On this date in 1953, Polish Home Army General Emil August Fieldorf was hanged at Warsaw’s Mokotow Prison by the Polish Communist government as a “fascist-Hitlerite criminal.”
The officer suffered a hard fate for the geopolitical jostling of great powers in its neighborhood. He had escaped German detention to become a Brigadier General and the second-in-command of the Polish Home Army, the occupied country’s resistance movement answerable to its government in exile.
Polish-Russian animosity is an ancient and fragrant vintage, just the sort of intoxicant to lend an especial bloodthirstiness to the ample brutality of politicking under Stalin’s sway.
As the Red Army threw back the Wehrmacht, the rivalry between the government in exile, (organically descended from the less-than-liberal prewar Polish government) and Poland’s Communist soon-to-be occupiers escalated.
Diplomatically, the government in exile engaged a (losing) joust with Stalin over the postwar Polish state’s borders and political structure; on the ground, Polish and Russian forces nominally united against Hitler maneuvered against one another — and at least one researcher has characterized their enmity as an outright dirty war.
Fieldorf had been detained by the NKVD at the war’s end, but he passed under an assumed name and therefore survived an internment in the Soviet Union. Shortly after his return, a sham offer of “amnesty” to Home Army survivors induced him to reveal himself under his true identity. He was convicted in a show trial of authorizing the killing of Soviet partisans. The post-Communist Polish government posthumously pardoned him.
It would be safe to say that “forgive and forget” is not a governing principle in the current memory of Soviet-Polish relations. Fieldorf’s fate is one more bill on the indictment, and in his case, quite literally so: spurred by the general’s daughter, Poland has doggedly pursued the extradition of Fieldorf’s prosecutor, Helena Wolinska Brus, now an octogenarian pensioner in Britain.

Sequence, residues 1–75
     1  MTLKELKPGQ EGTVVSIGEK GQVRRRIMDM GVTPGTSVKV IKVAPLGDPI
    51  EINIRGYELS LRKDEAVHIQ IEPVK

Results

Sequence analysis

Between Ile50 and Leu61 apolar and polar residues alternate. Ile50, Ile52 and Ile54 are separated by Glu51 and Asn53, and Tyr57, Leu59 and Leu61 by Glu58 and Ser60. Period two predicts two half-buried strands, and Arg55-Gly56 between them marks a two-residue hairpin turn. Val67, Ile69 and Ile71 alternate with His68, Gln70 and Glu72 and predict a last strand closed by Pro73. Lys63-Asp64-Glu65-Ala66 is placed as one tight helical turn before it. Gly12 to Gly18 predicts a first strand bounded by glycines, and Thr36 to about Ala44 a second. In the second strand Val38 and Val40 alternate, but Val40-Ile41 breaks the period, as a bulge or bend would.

The Jewish* Brus, who narrowly escaped the Nazis to join a leftist partisan unit, is contemptuous of the charge. To some, she is shamelessly exploiting her Jewishness to escape her own culpability. To others — aided not a little by the general’s daughter’s own remarks — the charge springs from a Polish polity whose own insistence upon victimhood (of Communism) has authorized historical forgetfulness over its complicity in genocide.
Someday soon — in a year or two, or five or ten; in England or Poland or some other spot — Helena Wolinska Brus will follow the man she hanged into the clay that awaits all us wretches. So will the general’s daughter, only a few years the junior of her foe. The bitter specter of wrongs that can never be righted is sure to long outlive their passing.
* Jewish partisans form a distinct population whose membership will make all-too-predictable appearances in these pages. Communist units were generally happy to have them, while Catholic Poles fighting for the anti-Semitic ancien regime were generally not — although in some instances, all-Jewish partisan bands organized outside these two forces.